Hawick Common Riding committee and council nearing agreement over funding dispute

A £9,300 grant withheld from Hawick Common Riding’s organisers for the past six months now looks set to be handed over in the near future.

Wednesday, 18th December 2019, 12:18 pm

That change of heart by bosses at Scottish Borders Council follows months of meetings and negotiations between the two parties in a bid to address equality issues at the annual festival.

They both now claim to have found a way forward, and the outstanding grant funding for the six-week event will be released by the local authority once an agreed set of terms is met.

A joint statement released by Hawick Common Riding committee and Scottish Borders Council last week said: “Hawick Common Riding committee and Scottish Borders Council are delighted to announce that, through ongoing and productive dialogue, a way forward has been agreed which addresses the equalities issues that have plagued Hawick Common Riding in the past.

“Following confirmation of the fulfilled requirements, the Hawick Common Riding funding will be released.

“Hawick Common Riding committee is taking a proactive stance to ensure that equalities are at the core of what it does and looks forward to welcoming everyone who would like to participate in all Hawick Common Riding events.”

An annual grant is made to all Borders towns’ common riding and festival organising committees each year, with the amount dependent on the size of the event.

Hawick’s cash was being withheld amid complaints the council received regarding alleged untoward behaviour directed at women at this year’s common riding, however.

Council officers received 29 emails of complaint from 12 people after this year’s event, most of them concerned about unpleasantness directed at female riders.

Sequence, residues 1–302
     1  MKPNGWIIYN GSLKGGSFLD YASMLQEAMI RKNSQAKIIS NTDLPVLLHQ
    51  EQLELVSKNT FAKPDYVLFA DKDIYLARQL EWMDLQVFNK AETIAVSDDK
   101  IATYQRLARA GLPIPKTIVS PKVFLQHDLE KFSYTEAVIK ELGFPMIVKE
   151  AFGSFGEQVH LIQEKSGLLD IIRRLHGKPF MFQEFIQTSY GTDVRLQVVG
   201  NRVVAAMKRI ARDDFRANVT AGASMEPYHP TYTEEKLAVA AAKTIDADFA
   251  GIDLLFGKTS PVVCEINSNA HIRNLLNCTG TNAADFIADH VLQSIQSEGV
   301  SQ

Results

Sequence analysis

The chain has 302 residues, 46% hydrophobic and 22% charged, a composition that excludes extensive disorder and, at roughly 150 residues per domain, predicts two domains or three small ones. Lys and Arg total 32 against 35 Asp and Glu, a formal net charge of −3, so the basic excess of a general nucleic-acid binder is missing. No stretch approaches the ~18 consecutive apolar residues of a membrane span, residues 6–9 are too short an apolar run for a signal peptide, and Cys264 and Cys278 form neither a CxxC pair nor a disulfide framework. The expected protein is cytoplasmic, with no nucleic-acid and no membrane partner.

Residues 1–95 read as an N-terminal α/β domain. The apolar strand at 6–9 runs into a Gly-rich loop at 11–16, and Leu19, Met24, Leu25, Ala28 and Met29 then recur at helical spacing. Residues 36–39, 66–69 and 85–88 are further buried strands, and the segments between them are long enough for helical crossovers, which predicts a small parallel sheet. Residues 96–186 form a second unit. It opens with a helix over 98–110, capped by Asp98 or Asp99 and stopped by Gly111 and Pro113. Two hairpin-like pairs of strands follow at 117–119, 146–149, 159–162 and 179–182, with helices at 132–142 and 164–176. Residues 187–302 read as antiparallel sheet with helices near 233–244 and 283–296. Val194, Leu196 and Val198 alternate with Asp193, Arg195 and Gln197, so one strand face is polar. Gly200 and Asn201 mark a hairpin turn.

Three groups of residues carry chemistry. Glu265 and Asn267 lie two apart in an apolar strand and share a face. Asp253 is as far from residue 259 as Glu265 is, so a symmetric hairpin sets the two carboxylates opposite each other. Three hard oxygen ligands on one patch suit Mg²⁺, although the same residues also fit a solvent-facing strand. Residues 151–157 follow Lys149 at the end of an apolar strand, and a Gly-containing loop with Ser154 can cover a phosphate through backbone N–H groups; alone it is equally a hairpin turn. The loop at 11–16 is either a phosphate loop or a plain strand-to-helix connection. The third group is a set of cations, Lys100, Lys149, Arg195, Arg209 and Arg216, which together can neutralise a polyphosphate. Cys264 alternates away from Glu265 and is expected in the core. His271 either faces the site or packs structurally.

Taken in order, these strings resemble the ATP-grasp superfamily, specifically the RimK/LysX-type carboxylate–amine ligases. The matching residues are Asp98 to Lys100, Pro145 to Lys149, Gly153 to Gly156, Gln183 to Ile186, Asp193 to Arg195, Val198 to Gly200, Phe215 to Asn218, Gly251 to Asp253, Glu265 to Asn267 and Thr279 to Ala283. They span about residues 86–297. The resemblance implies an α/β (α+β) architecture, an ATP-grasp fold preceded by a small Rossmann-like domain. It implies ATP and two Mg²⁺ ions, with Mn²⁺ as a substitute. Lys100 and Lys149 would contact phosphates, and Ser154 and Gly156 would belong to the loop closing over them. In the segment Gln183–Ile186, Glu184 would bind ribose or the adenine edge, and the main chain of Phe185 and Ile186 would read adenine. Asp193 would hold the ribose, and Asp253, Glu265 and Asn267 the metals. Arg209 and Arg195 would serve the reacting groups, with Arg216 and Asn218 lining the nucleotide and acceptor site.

They included claims that some female participants faced discrimination and hostility at the event.

There were claims that one female official was booed and had paper and a water bottle thrown at her as she left this year’s colour-bussing ceremony; “venom” was directed at lady riders taking part in ceremonial events by people including committee members and former principals; complainers were ignored or booed, heckled, sworn at and called a “disgrace”; when the behaviour was directed at riders in the presence of committee members and marshals, no action was taken; speeches at previously male-only gatherings were addressed to “gentlemen” and ignored the presence of women; and that the common riding committee did not promote the participation of both sexes and failed to deal properly with the complaints it received.

In emails made public last month, the council’s legal officer, Nuala McKinlay, outlined those issues to the common riding committee, suggesting that it publish a “very positive statement” welcoming all women to the festival.

The Southern believes that the eight outstanding complaints detailed in those emails remain unresolved.

Last month, the common riding committee agreed to reinvent itself as a Scottish charitable incorporated organisation, meaning it will enjoy greater protection over issues such as public liability.

However, it does mean it must now comply with more national and UK-wide legislation, including equality law requirements.

Its new chairman, 1983 cornet John Hogg, said: “This is a hard-working committee, and that will not change.

“We have a lot of hard work ahead of us, but, believe me, we will make it work.”

After a controversial legal battle in 1996, women were allowed to participate in some rideouts for the first time, and last year that was extended to ceremonial events.